MEXICO CITY, Mexico (Newspath) – Mexico has started celebrating the Day of the Dead with spectacular altars and monumental offerings mounted on Saturday in several squares downtown in Mexico City.
This year, sixteen altars in the historic center of the capital adorn the area, each dotted with colorful flowers and candles.
The COVID-19 pandemic brought on unforeseen circumstances for families to battle.
Local resident Liliana Mara explained the added meaning to this year’s celebration.
“After all that we have lived through and the people who have passed away, we now see a boom after being locked up (due to COVID-19). These exhibits of Mexican culture bring joy to the city,” Mara said.
Fused with Catholic festivals of All Saints’ Day and All Souls’ Day, the Day of the Dead is one of the most deep-rooted traditions in Mexico, celebrated by millions of people from Mayan Indians in the tropical south to urban professionals in Mexico City.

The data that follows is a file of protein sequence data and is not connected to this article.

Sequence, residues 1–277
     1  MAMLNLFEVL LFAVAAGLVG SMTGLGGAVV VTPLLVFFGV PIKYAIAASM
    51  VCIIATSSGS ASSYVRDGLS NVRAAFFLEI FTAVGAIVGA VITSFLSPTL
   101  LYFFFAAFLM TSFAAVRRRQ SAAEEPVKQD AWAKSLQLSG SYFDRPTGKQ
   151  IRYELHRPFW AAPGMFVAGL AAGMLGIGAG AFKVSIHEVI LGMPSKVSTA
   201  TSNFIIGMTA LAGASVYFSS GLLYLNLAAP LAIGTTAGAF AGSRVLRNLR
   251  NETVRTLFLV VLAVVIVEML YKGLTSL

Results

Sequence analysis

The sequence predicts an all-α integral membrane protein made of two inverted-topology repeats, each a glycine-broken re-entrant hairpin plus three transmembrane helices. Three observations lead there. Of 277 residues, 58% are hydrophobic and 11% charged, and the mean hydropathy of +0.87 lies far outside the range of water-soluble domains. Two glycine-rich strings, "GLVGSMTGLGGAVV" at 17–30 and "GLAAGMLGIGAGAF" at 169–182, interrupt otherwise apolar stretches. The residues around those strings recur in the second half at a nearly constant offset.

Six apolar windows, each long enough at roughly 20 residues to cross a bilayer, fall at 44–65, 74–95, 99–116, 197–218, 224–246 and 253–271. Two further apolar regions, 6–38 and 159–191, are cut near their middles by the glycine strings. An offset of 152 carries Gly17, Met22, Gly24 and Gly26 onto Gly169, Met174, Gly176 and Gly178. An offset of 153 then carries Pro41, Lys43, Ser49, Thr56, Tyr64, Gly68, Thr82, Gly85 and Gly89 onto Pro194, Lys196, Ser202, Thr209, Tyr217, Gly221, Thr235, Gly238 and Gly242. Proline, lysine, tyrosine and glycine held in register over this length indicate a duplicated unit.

A tourist from Romania, Alina Boaca, visited the city just in time for the holiday.
“I think it is very colorful because you are commemorating the dead, but at the same time, you are celebrating life,” Boaca said.
The Day of the Dead festival has its origins in a pre-Hispanic Aztec belief that the dead return to Earth one day each year to visit their loved ones.
Mexicans set out food and drinks for their departed loved ones and build colorful altars that celebrate their lives.
Now observed by Catholic communities around the world, thousands of people from Manila to Mexico celebrate the festival reuniting the living with the dead on November 1 and 2.
The November 2 “Día de Muertos” or All Souls’ Day interweaves Spanish influences with indigenous ancestor worship in South America, especially in places with strong indigenous populations such as in Mexico, Guatemala, Peru, Bolivia and Ecuador.